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Dan Vadas

HMS Vulture 1776 by Dan Vadas - 1:48 scale - 16 gun "Swan" class sloop from TFFM plans - Finished

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Hi Sjors,

 

You came up by your self with that or have you seen it some where?

 

Not me - it was mentioned in TFFM. I hope I got it right :huh:  .

 

Hi Mark,

 

I asked about the heat treating since I thought the grinding would cause the bit to lose its temper and not stay sharp.

 

Oh, that bit. I thought you meant the pintle pin. No, it didn't even get warm when I ground it so I didn't bother. It cuts wood just fine, don't know how it would go in metal though.

 

:cheers:  Danny

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Danny,

 

Looks like I'll need to take a drive up the F3 when I need some serious metal working done! :)

 

John

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Well, well, well, I had not even ever thought there could be so much detail on a rudder! :o  Amazing metal work, Danny!

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Hi Dan,

 

I see you rebated for the spectacle plate as well, wasn't it normally above the water line? Wouldn't affect drag?? Was it done for strength reasons. I will read through TFFM again I think, never saw any mention of that before.

 

Ben

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Dan

Sweet!!! 

Metal work can make or break the appearance of any model in my opinion.  Your metal work is looking oh so nice!  Any detailed photos on the how you are doing everything and anything will be most welcome.

Allan

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Drunk or not Danny, them there spiders would probably produce better ratlin's then me :)

cheers

 

Pat

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Thanks for looking in again John, Druxey, Adeline, Ben, Allan and Pat.

 

I see you rebated for the spectacle plate as well, wasn't it normally above the water line?

 

Right on the waterline Ben. The way it's been drawn in TFFM leads me to believe it's rebated, though it isn't mentioned in the text.

 

Hi all,

 

There are three Bands around the upper section of the rudder to strengthen it. These were hammered on hot on the real ship and not bolted, although I don't know how they would have done that with the lower one - the rudder is thinner in section at that point than it is at the top. I silver soldered the two top ones and just epoxied the lower one.

 

All the pintles, bands and spectacle plate have been epoxied in place - they will also be "bolted". The epoxy makes a bit of a mess, especially when you make a slip with the toothpick. It's easily cut off after 15 minutes drying time - a lot better than trying to wipe it off when wet ... that makes an even bigger mess :huh:  .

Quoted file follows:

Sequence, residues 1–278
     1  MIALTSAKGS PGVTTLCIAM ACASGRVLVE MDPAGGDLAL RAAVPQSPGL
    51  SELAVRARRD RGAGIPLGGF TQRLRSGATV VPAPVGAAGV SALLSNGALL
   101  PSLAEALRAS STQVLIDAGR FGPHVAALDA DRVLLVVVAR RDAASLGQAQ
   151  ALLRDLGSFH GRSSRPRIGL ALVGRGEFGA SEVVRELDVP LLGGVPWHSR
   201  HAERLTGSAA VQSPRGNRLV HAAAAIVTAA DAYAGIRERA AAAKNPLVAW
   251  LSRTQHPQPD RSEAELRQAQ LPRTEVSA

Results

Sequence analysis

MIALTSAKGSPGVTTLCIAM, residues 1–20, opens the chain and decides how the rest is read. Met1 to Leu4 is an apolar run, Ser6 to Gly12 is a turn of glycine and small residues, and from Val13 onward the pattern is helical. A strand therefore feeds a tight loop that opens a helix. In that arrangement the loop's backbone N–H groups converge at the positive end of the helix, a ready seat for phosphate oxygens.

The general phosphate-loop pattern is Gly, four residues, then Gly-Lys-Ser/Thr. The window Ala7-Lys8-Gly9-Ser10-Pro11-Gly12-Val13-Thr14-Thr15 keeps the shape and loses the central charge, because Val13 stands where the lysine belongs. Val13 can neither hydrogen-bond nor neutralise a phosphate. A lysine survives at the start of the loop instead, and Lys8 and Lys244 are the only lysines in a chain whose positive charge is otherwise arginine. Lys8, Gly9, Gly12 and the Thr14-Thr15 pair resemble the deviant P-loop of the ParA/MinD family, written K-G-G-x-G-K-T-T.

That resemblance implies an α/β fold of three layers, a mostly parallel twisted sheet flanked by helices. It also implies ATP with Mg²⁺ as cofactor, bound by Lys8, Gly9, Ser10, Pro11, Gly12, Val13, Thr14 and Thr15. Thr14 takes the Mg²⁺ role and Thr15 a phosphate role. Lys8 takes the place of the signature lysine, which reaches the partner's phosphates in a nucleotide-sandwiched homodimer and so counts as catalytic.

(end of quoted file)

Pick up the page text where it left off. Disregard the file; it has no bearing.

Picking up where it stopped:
The hole for the Tiller has also been cut in - this hole tapers from 9" square to 7" square at the aft end - quite a trick to get right. I made the taper on the tiller as well to ensure it will fit later on.

 

Bands 001.jpg

Bands 003.jpg

Bands 004.jpg

Bands 008.jpg

Bands 009.jpg

 

:cheers:  Danny

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wish you lived up the road from me so you can teach me

 

Depending on which bit of Sydney you live in it's only a bit over an hour's drive Adrieke :) .

 

:cheers:  Danny

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Spectacular work as always. I am just so impressed by all the intricacies...lovely ( is that the right word to use when talking about a rudder) to look at, it gives me chills.

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wow another awesome part finished. wihs you lived up the road from me so you can teach me :P

He DOES live up the road from you Adrieke! ;) And it would be well worth your while to make the pilgrimage to sit at the feet of the Master and to behold Vulture in the flesh. Of course, like any pilgrimage, a small token of appreciation is always in order - and this particular Master is partial to Glenn Fiddich. :D

 

Seriously though, having had the privilege of visiting Danny earlier this year, I have to say he is a most generous host - easy going, and very happy to share his extensive knowledge. Seeing Vulture in the flesh was a rare treat.

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North west suburbs near castle hill so from where i am takes about 10 - 15 minutes to get on the F3 Danny :)

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Danny -

 

I generally just lurk on your log, but I gotta say, your craftmanship is amazing!  The iron work on the rudder is simply amazing.  Thanks for posting all of this - it is a great learning tool for new builders like myself.

 

back to lurking....

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I can't believe you're not already in the car and on your way Adrieke!  :P  :P  :P

 

haha Grant . i do have to consider the rest of my family so i would have to plan a trip like that first.

 

btw with up the road i meant like 5 mins away you have to understand i come from a country where a drive to Danny would mean crossing half the country :piratetongueor4: